Parent Involvement in Education Education today is one of the more important aspects of life. It is harder to survive in the growing economy without the aid of a good job, which requires education and training. That is why it is so important to get a good education. To do so it is vital that parents are involved. Students perform better and are more motivated in school when they have parents who are involved in their children s education and over the years the public has come to realize the need for parental support and numerous efforts have been made to expand the ways in which parents are involved.

With the involvement of parents in education students are able to excel to their greatest ability. In order for the parents to get involved there must be a good parent and teacher relationship, PTAs, a good community, state funding programs, and of course a good relationship between the parent and child. To help create parent involvement it is essential create a strong parent-teacher relationship. Without the parents trusting the teachers and visa versa, it becomes more difficult to create a good strong relationship. However, problems in creating a good relationship aren t always the parents fault. Parent-involvement expert Dorothy Rich says that "Many teachers never had a sense that parental involvement goes along with the job.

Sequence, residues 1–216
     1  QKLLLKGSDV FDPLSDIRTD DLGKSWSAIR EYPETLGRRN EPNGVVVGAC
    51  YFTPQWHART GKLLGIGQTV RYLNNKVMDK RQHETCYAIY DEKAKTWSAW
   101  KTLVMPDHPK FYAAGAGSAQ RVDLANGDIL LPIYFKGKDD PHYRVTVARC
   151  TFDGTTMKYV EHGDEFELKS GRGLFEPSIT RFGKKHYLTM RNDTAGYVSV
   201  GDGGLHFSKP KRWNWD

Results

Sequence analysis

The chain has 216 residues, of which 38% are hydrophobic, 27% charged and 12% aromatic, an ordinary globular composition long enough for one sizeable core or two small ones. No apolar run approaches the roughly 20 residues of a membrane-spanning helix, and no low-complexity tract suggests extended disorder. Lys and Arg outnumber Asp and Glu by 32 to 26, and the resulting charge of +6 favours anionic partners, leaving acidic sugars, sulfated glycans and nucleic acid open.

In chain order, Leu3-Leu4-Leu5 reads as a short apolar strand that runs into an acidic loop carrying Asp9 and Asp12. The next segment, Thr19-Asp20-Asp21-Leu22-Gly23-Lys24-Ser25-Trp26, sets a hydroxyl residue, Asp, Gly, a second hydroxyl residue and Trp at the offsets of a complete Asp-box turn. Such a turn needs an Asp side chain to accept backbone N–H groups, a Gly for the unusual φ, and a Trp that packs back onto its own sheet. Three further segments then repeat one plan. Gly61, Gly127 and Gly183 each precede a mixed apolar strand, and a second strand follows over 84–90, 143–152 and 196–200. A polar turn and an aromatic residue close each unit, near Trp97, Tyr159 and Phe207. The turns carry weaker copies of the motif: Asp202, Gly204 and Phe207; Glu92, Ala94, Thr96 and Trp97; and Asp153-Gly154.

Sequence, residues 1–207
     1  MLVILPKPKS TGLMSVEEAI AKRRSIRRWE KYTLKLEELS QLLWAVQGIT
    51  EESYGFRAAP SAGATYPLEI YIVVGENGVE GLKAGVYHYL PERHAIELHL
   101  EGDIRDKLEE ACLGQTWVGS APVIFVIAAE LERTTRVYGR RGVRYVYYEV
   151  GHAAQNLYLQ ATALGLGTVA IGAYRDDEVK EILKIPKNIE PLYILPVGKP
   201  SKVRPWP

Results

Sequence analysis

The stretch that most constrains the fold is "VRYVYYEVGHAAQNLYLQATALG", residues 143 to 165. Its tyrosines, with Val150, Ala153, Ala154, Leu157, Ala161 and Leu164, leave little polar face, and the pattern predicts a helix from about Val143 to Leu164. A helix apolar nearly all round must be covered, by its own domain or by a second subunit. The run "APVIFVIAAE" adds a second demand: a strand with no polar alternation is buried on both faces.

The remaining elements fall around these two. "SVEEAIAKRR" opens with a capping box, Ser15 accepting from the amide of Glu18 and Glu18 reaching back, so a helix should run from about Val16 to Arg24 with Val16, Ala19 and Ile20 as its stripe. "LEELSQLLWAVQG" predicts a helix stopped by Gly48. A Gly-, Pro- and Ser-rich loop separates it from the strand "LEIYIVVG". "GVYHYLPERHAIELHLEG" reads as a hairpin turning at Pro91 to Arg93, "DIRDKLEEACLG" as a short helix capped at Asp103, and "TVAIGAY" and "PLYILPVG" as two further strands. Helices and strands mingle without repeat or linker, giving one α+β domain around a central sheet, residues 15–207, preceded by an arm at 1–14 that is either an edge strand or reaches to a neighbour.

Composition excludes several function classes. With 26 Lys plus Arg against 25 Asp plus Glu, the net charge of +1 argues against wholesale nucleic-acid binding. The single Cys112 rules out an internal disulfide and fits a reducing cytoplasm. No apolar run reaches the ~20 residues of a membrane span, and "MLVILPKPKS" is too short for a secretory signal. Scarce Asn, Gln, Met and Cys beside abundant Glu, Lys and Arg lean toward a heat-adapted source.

Not only must they expect parents to be involved, but teachers need to understand that communication with parents must be a two-way street" (Pape, 49). One way to lose communication between parents and teachers is for the teachers to speak in jargon. Parents want to know what is happening in the classroom, what the teachers goal s and objectives are, and most importantly, how the child is doing rather than something that parent s don t understand. There are a number of different ways to strengthen that relationship. One way is for the teacher to visit the parents at home Although this may seem time consuming, it will give teachers a chance to see what the home life is like (Hickman, 3).

This meeting is on the "parents turf" therefore it will make uncomfortable parents feel as if they have the upper hand (Pape, 3). An easier way to get a good relationship between parents and teachers is phone calls. They are less time consuming, yet they still allow the parents and teachers to be involved together in the decision making of the child s education. Once a good parent-teacher relationship has been formed, parents will be more willing to get involved in school activities such as the PTA.